Japan stalls on Iran development

Despite diplomatic prodding from Iran, the Japanese government is proceeding cautiously with its plans to invest in the Azadegan oil field project in the Middle Eastern country. Japan's current level of enthusiasm, or lack of it, has been brought about by pressure from the US over fears about Iran's nuclear ambitions.
Japan stalls on Iran development Japan stalls on Iran development Japan stalls on Iran development Japan stalls on Iran development Japan stalls on Iran development

Japan's new minister of economy, trade and industry, Shoichi Nakagawa, admitted that the "nuclear issue is too important for our country to overlook" and that it takes priority over seeking the rights to field. The new minister recently assumed the post following a Cabinet reshuffle in Tokyo on Monday.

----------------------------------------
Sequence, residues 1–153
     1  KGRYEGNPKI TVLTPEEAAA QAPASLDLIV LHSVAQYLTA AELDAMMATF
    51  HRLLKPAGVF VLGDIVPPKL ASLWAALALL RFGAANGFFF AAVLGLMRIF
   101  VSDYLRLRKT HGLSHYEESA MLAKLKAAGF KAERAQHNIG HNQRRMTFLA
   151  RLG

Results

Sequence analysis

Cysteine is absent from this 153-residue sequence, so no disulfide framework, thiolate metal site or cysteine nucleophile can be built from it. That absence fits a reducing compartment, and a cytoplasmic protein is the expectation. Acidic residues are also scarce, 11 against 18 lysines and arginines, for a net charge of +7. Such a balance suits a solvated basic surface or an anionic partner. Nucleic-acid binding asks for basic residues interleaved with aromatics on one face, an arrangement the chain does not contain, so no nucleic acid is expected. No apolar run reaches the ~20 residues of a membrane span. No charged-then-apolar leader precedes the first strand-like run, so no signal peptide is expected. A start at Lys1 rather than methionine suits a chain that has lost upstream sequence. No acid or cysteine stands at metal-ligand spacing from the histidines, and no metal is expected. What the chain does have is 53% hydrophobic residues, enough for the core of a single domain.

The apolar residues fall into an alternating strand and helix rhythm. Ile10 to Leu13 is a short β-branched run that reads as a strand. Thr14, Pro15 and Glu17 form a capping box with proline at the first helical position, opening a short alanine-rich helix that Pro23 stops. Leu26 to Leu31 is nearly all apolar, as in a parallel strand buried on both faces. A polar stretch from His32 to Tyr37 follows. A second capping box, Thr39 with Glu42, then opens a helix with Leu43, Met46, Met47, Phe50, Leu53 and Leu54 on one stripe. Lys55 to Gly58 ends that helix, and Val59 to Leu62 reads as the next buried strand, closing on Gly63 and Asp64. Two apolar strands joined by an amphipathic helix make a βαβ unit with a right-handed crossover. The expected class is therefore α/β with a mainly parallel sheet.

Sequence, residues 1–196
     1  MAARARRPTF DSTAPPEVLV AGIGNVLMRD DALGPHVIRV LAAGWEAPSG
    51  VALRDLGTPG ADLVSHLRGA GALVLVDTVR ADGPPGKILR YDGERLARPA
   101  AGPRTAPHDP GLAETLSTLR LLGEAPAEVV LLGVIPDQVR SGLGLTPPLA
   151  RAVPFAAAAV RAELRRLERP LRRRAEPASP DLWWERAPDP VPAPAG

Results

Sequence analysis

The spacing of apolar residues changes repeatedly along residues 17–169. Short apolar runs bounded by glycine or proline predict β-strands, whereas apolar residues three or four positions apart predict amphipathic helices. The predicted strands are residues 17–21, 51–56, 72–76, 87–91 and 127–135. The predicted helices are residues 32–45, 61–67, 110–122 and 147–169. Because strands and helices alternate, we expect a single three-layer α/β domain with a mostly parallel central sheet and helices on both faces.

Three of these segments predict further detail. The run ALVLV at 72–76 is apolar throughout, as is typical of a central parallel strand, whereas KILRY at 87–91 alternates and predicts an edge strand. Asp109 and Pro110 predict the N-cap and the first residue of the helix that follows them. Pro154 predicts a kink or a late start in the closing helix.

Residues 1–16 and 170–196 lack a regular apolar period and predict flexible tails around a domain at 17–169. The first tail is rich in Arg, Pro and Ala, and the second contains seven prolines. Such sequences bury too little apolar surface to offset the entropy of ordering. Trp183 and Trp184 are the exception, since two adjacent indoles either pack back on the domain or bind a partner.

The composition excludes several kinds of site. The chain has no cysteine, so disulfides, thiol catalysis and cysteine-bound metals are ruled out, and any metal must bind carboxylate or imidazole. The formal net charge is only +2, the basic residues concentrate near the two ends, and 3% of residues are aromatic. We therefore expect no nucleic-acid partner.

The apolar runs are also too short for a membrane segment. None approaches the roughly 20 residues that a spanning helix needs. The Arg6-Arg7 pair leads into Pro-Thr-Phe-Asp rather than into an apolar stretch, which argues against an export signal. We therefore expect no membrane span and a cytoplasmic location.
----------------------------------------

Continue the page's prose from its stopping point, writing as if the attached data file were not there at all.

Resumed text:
Nakagawa statement is seen as an about turn on the previous stance of the ministry, which was to push for the development of the field while still pressing Iran to clear itself of allegations, brought about by the United States and the international community, of using its nuclear program to create weapons of mass destruction.

The recent discovery of high-density, weapons-grade uranium at an enrichment facility in Iran certainly could not have helped to assure Japanese fears on the matter.

Preferential negotiating rights to the Azadegan field, granted in 2000 to a state-sponsored Japanese consortium, expired this year and Iran has recently revealed that it was planning a tender for non-Japanese companies like Royal Dutch/Shell Group, Total SA and Sinopec Corp to gain the rights to Azadegan unless Tokyo goes back to the negotiating table.

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